The funny thing is that when the methods of such EP farmers are mentioned to average farmers the common excuse for inaction is that “Ah yes, but he has more rain, better soils, inherited more from his Dad, has better luck than me.” It seems to me that the time has come to take more notice of what the best farmer in the district is doing and act on it. Now, it’s not as though the average farmer has been sitting on his/her hands. Survey data show that over 85% of growers, even as far back as 2006/7, were using no till, retaining stubbles (completely or partially), using soil tests to make fertilizer decisions, using herbicides and fungicides as required, using some form of integrated weed management, and had grain or pasture legumes in their system, even if they were worried about the inconsistent yields. I n addition, over 70% of farmers had used some form of soil amelioration such as application of lime or gypsum, they were growing canola in the rotation, and still had some animals on the farm. So it’s not only a simple matter of adopting new techniques, but knowing where and when to apply them.

It may be time to take a more in depth look on the individual farm or paddock basis at how management can be adjusted to face the latest drop in the terms of trade. Is it broadly yield improvement or cost reduction or grain quality improvement that is going to yield the best outcome? Historically over 70% of grain yield increases have come from improvements in management. So it is less likely that adopting that supposedly fabulous new variety alone is going to be the ‘silver bullet’ that is going to pull you out of debt (especially if you can’t save your own seed….). That said it may be that a new variety that requires different management just could be one trigger to improvement, but not a solution by itself.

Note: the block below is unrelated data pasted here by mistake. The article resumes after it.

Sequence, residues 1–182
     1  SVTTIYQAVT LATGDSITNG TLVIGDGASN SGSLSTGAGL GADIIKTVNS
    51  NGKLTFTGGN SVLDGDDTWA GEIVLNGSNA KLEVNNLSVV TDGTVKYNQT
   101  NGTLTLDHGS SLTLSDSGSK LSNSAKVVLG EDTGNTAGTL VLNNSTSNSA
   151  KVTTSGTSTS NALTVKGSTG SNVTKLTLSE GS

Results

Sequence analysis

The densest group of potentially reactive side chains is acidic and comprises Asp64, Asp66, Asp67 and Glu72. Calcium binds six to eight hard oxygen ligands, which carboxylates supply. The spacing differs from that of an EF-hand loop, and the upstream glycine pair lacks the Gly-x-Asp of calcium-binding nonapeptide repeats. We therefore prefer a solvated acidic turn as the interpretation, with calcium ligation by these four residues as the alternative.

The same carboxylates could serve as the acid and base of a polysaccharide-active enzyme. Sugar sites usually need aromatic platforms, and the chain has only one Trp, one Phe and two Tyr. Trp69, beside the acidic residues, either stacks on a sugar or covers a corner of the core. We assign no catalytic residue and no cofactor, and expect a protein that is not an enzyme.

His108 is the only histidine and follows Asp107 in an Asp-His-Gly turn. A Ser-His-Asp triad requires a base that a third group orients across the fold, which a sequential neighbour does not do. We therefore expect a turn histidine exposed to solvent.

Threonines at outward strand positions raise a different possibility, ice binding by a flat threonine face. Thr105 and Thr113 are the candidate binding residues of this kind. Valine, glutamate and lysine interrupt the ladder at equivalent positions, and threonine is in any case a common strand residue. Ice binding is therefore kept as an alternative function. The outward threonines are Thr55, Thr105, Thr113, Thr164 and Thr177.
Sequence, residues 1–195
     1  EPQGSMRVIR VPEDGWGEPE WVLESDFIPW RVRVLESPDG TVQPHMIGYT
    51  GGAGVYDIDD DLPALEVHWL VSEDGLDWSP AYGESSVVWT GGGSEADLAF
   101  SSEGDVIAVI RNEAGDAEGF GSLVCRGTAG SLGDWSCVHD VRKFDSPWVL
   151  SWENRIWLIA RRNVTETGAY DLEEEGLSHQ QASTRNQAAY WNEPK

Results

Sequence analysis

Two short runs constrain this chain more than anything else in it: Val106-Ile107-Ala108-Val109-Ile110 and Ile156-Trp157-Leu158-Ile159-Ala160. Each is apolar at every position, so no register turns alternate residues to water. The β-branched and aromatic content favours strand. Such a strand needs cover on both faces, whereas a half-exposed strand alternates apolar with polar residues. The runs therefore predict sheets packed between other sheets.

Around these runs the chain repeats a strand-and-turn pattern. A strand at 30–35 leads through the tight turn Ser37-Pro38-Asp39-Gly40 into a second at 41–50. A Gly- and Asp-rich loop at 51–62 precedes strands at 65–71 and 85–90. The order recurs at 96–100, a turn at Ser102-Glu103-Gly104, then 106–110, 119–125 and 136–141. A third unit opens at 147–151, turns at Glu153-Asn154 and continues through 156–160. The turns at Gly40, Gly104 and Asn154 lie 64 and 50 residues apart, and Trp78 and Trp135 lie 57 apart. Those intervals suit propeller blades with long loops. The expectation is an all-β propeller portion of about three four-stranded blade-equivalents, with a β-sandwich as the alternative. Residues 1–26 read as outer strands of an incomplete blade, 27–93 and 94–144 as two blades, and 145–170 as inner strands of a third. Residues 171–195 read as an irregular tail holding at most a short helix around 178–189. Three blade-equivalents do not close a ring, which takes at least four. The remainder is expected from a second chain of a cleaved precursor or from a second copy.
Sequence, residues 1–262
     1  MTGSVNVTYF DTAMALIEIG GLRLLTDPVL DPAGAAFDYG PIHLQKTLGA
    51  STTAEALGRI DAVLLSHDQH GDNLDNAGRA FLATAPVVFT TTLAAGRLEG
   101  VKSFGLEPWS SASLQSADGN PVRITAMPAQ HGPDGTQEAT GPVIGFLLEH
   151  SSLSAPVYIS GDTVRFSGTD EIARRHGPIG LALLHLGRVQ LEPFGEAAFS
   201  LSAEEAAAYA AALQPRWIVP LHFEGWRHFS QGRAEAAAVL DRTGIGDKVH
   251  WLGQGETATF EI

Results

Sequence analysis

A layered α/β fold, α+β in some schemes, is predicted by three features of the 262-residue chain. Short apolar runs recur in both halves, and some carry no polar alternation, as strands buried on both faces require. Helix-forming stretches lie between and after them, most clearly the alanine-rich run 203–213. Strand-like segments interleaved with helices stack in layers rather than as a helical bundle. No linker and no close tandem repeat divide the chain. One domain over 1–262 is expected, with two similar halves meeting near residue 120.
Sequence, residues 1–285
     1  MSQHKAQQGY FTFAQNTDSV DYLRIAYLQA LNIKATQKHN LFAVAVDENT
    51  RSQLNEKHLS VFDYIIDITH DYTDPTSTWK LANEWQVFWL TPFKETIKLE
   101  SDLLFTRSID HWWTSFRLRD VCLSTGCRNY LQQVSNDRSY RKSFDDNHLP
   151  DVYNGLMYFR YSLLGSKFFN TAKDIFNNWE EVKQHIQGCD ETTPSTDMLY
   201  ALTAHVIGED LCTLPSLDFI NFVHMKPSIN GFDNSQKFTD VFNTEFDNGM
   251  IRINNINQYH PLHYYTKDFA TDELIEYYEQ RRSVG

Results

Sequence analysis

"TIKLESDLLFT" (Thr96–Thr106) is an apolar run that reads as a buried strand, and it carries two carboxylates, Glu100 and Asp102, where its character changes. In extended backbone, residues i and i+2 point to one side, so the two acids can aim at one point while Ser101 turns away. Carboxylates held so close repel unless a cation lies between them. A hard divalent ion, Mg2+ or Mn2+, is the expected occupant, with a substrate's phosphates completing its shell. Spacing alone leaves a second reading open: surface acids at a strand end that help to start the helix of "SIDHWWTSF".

In general there are practices that will probably improve yield, such as earlier sowing (possibly in conjunction with a longer season variety), or improved fertilizer decisions, or improved weed management. There are others that have reduced costs such as zero tillage or that have enabled other improvements such as controlled traffic that allows soil compaction to be better addressed. Yield mapping and variable rate technology may well have a place but there are still questions that must be answered as to what factors are limiting the low yielding areas and what to do about them if the full benefit is to be captured. We need to be clear about the potential, long term benefits of any new technology and be prepared to commit to any extra changes that may be required to fully achieve them.